Mission Impossible Rogue NationEvery Friday for the last few weeks we’ve been looking at a different cinematic classic featuring a certain Tom Cruise. Past editions have focussed on Top Gun, Jerry Maguire, and Minority Report, now our attention turns to his one franchise, the Mission Impossible series.

Tom Cruise had his first taste of fame in the 1980’s and, unlike many of his peers, has never really left the spotlight. His body of work features an impressive 38 films giving him the opportunity to work with many acclaimed directors such as Steven Spielberg, Cameron Crowe, Ridley Scott, Tony Scott, Oliver Stone, and Stanley Kubrick. He’s also done pretty much every genre under the sun, giving him a wide ranging show-reel. He’s also been the first actor to get his own Sky movies channel devoted purely to films he stars in (available now for a limited time). This week sees his latest venture Mission Impossible: Rogue Nation released. This will be the fifth film in the series which shows no signs of letting up any time soon.

Mission ImpossibleThe first film in the action franchise was released way back in 1996 and was a re-imagining of the iconic television series of the same name, the one with the self-destructing messages.

When audiences first watched the film it was thought that Emilio Estevez was going to be the main character. Of course he dies rather swiftly, leaving TC to take over the reins. Estevez, much like Tom Cruise in Young Guns, doesn’t even get a credit for his part. At the time Cruise was well and truly on his way to the top, and this role, more than any up to that point, showcased that the star could handle a big franchise.

The film is synonymous with that famous aerial hanging scene. It’s been parodied in pretty much everything ever. It wasn’t a particularly easy scene to shoot however, as Cruise kept on hitting his head on the floor. Take after take was ruined until he had the idea of putting coins in his shoes for balance. Smart guy.

The first film was heavily focussed on twisty espionage elements, and it wasn’t until the second film that the action portion of the film was ramped up; unsurprising considering it was John Woo behind the lens. The sequel gave Cruise his first taste of high octane stunts, something that has now become his calling card.

His first stunt came during the film’s opening sequence, showcasing Ethan Hunt enjoying a spot of rock climbing. The sequence was filmed at Dead Horse Point in Utah with Cruise doing most of the work himself with minimal cable assistance. Later, during the knife fight with Dougray Scott, Cruise insisted that a real knife be used. Having watched the film you’ll know just how close that knife comes to piercing his eye, but Cruise trusted his fellow actor. Thankfully though, the health and safety team made a cable which was carefully measured so that it stopped a whole quarter inch from his eyeball, and that there were no accidents.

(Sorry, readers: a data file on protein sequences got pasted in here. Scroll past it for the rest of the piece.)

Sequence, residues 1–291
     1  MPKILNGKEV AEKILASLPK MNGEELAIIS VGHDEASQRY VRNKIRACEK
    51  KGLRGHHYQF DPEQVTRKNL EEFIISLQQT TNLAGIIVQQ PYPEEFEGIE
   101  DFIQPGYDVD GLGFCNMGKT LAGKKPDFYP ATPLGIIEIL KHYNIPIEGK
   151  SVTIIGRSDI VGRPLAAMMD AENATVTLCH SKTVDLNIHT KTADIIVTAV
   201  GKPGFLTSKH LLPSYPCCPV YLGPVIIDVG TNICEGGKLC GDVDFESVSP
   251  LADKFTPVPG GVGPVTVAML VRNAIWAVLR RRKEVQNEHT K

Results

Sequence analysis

Sadly MI:2 is seen by many as the weakest in the series, with critics complaining it was riddled with continuity errors and plot holes. John Woo‘s original cut of the film was over three hours long, and the chopped hour or so is glaringly obvious, but the film still excited audiences enough for a third movie. Plus you’ve got to love that Metallica and Limp Bizkit soundtrack. Even better than the soundtrack though is the MTV Movie Awards spot to promote the film which featured Ben Stiller as ‘Tom Crooze’, Tom’s delusional stunt double. Give the video a watch for yourself below.

After two of course came three, this time directed by J J Abrams with Philip Seymour Hoffman as the bad guy. Again Cruise performed the majority of his own stunts, but this time he didn’t come away injury free. He managed to crack his ribs when he turned too quickly. So he can scale buildings and cliffs with ease, but turning around he hasn’t quite mastered.

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The third film introduced a couple of new cast members, Michelle Monaghan and Simon Pegg who would both return for future films in the series. Pegg was seen by many as an odd addition to the cast given that he was most well known for his comedic roles, but he injected some much needed fun into proceedings.

A fourth film, Ghost Protocol, was announced with rumours that it would not feature Ethan Hunt and therefore no Tom Cruise. Instead the film would focus on William Brandt, played by Jeremy Renner another agent and replacement for Hunt. Fortunately Cruise wasn’t finished with Hunt yet and returned, although the film made sure to set it up so that Renner could take over the Mission Impossible mantle at any time.

Mission Impossible 4The big stunt this time around was Cruise’s biggest to (that) date. He scaled the Burj Khalifa tower, the tallest building in the world, all on his own without the use of a stunt double. He insisted on doing this so that the audience could see it was really him. It also opened director Brad Bird up to a wider variety of camera angles as he had no need to try and cover up a stunt double.

Ghost Protocol made $693 million at the box office worldwide and was the highest-grossing in the series, proving that it wasn’t going stale any time soon. The series has gone from strength to strength; yes the man in the director’s chair has changed each time, but Cruise has remained and has crafted Ethan Hunt into a memorable hero who will stand the test of time alongside the likes of Bond.

Which brings us back around to this week’s fifth instalment Mission Impossible: Rogue Nation. Check out our review now and find out why we think it’s the best in the series yet.

Miss one of our earlier Cruise Classics and want to catch up? Click here for the full catalogue.